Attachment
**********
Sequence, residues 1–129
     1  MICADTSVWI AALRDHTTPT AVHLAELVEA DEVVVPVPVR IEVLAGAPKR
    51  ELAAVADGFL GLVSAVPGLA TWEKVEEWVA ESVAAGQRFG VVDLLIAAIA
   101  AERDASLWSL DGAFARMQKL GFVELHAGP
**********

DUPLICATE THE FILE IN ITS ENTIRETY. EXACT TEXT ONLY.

Sequence, residues 1–129
     1  MICADTSVWI AALRDHTTPT AVHLAELVEA DEVVVPVPVR IEVLAGAPKR
    51  ELAAVADGFL GLVSAVPGLA TWEKVEEWVA ESVAAGQRFG VVDLLIAAIA
   101  AERDASLWSL DGAFARMQKL GFVELHAGP